I could not find a satisfactory answer for this question, until I read Fan Shen’s essay with his argument that “the process of learning to write in English is in fact a process of creating and defining a new identity and balancing it with the oldidentity.” Is it really necessary to differentiate your identities? And also, should identity have a plural form? A person can have a lot of masks for different social roles; he, however, is himself with one and only one identity.
To me, identity is everything that defines a person: names, nationalities, characteristics, personalities, beliefs, religions, languages, etc. Identity is inconstant; it changes depending on cultural, historical context, age, relationships and numerous other factors. As a person can speak different languages, he can also have multiple personalities and beliefs, all of which still contribute to what is regarded as his identity. Why should one insist on splitting up his identity into identities, then complicate himself by having to balance out or run around changing among those identities? Because he has failed to accept that changes are inevitable in life, which is what I had agreed upon.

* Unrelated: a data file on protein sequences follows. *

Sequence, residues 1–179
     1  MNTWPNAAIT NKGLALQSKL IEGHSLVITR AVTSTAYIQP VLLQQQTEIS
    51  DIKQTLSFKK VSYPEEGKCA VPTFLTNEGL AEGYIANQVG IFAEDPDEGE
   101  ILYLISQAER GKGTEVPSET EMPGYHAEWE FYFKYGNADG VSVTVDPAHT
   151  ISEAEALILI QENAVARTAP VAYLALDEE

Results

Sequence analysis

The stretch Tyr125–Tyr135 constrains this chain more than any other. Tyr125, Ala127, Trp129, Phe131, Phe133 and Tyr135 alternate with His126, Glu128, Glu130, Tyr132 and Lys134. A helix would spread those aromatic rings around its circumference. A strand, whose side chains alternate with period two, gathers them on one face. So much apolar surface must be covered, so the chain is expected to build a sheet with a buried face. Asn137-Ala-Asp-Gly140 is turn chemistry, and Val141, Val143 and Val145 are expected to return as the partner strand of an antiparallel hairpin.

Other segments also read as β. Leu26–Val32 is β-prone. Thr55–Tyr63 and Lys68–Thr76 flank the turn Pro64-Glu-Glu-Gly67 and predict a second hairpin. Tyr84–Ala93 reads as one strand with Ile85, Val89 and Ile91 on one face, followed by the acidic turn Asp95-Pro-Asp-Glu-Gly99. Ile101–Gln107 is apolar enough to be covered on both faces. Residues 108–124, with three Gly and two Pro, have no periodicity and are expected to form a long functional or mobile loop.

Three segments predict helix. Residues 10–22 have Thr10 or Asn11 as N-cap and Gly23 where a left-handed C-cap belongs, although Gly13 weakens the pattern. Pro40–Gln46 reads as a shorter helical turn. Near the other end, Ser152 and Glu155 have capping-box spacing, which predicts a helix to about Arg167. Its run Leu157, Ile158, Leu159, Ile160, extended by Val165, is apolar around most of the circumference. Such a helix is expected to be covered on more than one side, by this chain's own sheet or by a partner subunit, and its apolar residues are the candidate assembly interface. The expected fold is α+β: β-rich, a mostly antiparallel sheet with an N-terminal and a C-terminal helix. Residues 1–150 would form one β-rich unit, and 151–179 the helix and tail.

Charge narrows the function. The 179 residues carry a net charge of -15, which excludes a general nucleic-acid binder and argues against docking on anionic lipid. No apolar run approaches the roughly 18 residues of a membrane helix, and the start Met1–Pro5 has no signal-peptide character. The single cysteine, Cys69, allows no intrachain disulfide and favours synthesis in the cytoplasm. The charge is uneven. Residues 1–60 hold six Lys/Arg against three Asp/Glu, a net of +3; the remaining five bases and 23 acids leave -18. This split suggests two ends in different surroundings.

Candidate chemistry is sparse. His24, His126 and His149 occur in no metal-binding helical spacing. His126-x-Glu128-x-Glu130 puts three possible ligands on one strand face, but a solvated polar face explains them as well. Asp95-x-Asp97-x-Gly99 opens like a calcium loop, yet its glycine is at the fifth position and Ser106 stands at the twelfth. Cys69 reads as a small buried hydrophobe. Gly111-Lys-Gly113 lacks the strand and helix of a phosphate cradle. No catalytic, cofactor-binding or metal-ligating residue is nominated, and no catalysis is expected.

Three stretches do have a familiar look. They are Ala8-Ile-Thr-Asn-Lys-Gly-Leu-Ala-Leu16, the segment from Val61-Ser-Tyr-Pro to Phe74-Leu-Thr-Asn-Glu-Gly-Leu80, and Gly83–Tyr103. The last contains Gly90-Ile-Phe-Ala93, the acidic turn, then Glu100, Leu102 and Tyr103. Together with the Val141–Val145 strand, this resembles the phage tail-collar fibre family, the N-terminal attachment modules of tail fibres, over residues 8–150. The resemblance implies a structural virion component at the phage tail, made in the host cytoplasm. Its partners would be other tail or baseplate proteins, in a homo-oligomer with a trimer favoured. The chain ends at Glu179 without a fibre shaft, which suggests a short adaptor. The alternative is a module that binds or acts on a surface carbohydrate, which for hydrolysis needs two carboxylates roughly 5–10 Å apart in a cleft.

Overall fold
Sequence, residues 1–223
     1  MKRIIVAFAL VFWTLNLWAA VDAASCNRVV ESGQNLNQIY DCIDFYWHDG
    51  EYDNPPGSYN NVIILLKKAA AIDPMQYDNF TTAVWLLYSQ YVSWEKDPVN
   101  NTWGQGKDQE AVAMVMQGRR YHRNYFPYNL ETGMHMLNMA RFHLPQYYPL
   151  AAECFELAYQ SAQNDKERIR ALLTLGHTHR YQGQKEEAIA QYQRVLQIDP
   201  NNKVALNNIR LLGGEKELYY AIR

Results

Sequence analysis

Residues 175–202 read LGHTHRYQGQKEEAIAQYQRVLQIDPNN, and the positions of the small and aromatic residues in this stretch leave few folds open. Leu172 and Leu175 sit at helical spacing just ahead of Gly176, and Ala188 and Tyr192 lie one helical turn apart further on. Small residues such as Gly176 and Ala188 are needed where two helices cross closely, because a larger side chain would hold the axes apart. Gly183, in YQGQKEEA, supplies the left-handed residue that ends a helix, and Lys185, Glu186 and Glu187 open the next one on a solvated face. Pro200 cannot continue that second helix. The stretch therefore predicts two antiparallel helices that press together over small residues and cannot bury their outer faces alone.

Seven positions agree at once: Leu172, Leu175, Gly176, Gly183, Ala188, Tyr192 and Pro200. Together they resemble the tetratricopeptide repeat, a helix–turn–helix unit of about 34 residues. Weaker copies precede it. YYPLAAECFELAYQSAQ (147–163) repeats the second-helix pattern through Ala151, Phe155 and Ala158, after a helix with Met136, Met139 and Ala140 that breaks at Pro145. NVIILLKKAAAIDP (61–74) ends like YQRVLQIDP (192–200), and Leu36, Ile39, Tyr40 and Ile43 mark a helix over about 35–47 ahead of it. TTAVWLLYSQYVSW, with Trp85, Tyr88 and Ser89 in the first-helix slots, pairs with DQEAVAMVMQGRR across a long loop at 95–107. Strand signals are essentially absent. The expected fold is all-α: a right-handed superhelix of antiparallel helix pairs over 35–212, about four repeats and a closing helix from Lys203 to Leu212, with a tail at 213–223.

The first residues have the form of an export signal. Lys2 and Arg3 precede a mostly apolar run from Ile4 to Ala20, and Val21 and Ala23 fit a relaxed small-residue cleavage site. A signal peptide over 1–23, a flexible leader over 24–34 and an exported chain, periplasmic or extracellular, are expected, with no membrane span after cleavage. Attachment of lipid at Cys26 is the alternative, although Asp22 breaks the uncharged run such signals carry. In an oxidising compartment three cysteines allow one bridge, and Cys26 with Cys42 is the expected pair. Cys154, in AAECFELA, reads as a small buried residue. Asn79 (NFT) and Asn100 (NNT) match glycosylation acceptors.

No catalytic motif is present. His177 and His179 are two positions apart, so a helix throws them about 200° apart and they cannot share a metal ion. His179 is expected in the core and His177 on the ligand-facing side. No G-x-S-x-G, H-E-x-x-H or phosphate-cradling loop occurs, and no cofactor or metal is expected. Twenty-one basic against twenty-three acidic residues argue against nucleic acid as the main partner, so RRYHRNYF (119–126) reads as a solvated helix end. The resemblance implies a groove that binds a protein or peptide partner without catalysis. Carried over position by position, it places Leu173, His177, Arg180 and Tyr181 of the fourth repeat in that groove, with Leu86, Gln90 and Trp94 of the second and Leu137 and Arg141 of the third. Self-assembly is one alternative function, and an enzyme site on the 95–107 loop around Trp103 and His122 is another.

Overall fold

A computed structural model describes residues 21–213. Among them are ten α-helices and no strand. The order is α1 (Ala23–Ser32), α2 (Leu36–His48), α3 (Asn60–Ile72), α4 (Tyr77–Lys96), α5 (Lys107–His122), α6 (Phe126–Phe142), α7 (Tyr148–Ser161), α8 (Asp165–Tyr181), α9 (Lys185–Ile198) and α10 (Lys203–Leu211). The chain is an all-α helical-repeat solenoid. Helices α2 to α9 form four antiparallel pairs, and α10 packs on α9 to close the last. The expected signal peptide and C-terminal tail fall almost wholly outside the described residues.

The transition in my language has offered me a golden chance for self-reflection. I’m no longer puzzled or worried, because I know this preference in English, along with the new cultural values and habits, will only last for a certain amount of time before continuing its development. For me, I won’t label my changes as “Vietnamese identity” and “English identity”, or “Linh’s identity” and “Clover’s identity”, because they are just different parts of my overall identity. I have chosen to embrace whatever changes life requires from me, and to be flexible with however my identity will become.